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GREENWOOD Dist.–If you stepped into First Baptist Church North Tulsa during Sunday morning service on May 28, your ears would’ve been permeated with the sweet sound of a family chorus paying tribute to the soul of a resilient Tulsa Race Massacre survivor.
Jonathan Townsend joined relatives that Sunday as he spoke and sang in front of the congregation. The event represented the church’s commemoration of the 102nd anniversary of the city-sanctioned attack on Historic Greenwood District, home to the original Black Wall Street.
Yet Townsend, a longtime educator, didn’t speak as Executive Director of Tulsa School of Arts and Sciences. That Sunday, he spoke as the great grandson of “Mother’ Leola LaVassar, a college graduate, nutritionist, devout Christian and survivor of the 1921 Tulsa Race Massacre.
Formed by wealthy Black and Indigenous Freedmen, the Greenwood District boasted more Black millionaires than any other community at the time. LaVassar wasn’t a wealthy business owner like more well-known figures on Black Wall Street, but through decades of service, she gained a reputation as a caretaker of the community.
“That’s where she was saved and baptized,” Townsend told The Black Wall Street Times. “Because of that I go to this church to this day. Our family’s been here for generations because of her.”
Remembering “Mother” Leola LaVassar: More than just a survivor
Born on September 29, 1905, LaVassar’s impact in Greenwood spanned nearly a century until she passed away on September 30, 1992. Married at the age of 23, she lost a son in infancy, and when her husband died, LaVassar dedicated the rest of her life to taking care of her four daughters, the community and the church.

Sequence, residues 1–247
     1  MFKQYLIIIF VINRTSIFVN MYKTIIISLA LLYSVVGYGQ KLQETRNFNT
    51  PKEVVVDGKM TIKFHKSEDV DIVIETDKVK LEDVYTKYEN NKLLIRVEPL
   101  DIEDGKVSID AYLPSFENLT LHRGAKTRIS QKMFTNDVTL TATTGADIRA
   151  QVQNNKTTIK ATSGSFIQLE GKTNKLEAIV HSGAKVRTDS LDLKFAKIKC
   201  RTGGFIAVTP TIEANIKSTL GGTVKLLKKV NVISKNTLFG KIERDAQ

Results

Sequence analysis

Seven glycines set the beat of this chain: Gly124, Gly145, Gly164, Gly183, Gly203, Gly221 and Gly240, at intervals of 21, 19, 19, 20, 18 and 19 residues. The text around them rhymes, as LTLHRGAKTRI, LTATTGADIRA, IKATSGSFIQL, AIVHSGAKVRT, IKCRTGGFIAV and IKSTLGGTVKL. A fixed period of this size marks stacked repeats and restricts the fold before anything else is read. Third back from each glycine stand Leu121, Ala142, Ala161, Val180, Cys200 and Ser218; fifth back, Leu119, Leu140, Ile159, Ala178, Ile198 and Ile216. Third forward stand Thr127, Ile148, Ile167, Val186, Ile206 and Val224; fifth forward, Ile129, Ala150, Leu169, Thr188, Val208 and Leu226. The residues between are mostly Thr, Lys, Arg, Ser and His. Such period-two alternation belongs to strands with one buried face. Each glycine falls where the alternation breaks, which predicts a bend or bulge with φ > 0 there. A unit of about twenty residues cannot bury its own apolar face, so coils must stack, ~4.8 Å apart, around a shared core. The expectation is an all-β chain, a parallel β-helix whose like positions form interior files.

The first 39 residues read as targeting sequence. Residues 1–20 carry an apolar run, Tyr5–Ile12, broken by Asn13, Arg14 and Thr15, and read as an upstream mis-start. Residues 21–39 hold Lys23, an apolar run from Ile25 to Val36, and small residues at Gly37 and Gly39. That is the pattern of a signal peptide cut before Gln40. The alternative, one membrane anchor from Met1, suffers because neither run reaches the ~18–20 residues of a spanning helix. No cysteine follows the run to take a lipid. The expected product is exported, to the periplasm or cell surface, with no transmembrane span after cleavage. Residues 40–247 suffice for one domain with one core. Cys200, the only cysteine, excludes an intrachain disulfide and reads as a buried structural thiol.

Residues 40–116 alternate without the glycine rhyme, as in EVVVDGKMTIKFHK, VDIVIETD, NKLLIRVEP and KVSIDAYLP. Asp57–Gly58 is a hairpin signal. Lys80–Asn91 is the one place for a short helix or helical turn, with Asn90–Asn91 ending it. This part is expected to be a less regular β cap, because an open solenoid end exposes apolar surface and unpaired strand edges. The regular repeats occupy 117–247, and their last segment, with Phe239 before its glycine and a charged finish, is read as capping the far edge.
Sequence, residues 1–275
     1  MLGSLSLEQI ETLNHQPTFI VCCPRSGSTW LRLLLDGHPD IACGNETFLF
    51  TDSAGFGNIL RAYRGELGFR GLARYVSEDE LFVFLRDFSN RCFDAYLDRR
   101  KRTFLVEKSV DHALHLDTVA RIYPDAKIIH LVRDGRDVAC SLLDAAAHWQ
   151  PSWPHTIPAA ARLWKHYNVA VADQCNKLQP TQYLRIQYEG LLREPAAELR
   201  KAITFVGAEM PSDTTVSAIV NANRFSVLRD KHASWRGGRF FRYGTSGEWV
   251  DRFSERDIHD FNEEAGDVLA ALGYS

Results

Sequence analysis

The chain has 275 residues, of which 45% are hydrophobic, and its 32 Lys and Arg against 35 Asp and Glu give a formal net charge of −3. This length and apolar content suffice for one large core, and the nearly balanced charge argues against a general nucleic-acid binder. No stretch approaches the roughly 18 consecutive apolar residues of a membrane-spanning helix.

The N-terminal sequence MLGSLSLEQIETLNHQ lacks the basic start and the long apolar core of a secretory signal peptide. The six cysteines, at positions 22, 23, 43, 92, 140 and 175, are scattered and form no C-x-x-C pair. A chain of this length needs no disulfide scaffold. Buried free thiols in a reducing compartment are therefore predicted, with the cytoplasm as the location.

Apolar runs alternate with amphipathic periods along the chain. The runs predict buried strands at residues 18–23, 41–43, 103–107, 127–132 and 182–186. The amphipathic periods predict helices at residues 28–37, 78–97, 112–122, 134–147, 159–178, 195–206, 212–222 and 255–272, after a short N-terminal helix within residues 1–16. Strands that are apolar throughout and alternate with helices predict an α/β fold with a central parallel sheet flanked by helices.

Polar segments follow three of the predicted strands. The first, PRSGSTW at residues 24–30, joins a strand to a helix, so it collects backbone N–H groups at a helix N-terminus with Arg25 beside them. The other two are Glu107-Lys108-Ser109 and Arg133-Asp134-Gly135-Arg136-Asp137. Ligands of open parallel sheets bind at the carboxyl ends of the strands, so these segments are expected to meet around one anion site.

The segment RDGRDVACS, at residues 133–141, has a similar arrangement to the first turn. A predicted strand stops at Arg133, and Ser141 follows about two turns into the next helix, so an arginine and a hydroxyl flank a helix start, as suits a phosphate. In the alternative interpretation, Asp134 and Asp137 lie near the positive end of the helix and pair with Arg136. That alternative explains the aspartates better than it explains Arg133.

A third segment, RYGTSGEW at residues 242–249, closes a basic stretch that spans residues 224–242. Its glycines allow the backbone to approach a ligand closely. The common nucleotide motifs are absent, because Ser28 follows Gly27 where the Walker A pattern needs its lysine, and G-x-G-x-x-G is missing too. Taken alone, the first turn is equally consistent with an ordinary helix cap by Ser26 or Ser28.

After obtaining a degree in Home Economics from First Kansas State Teacher’s College, she gained valuable experience at Oklahoma’s only HBCU, Langston University. For thirty years she worked as a nutritionist at Tulsa schools, supporting students regardless of their ability to pay for lunch.
“Hey baby, it’s alright,” Townsend said she would tell students who didn’t have enough lunch money. “They called her “mother” LaVassar because of that. That warm nature.”
For the rest of her life, LaVassar gave her all to the women’s choir, midweek service prayer band and Sunday school at First Baptist Church North Tulsa, the only church that survived the destruction the white mob orchestrated against Greenwood.
After her death, the Oklahoma Eagle, a historic Black newspaper in Tulsa’s Greenwood District, gave her a tribute that illustrated the community’s love for LaVassar.
“For many of us, probably thousands, it is impossible to think of our early school days as north Tulsa children without memories of Mrs. LaVassar as the surrogate “mother-away-from-home,’ the Eagle wrote.
Massacre survivor “Mother” Leola LaVassar was a friend of Dick Rowland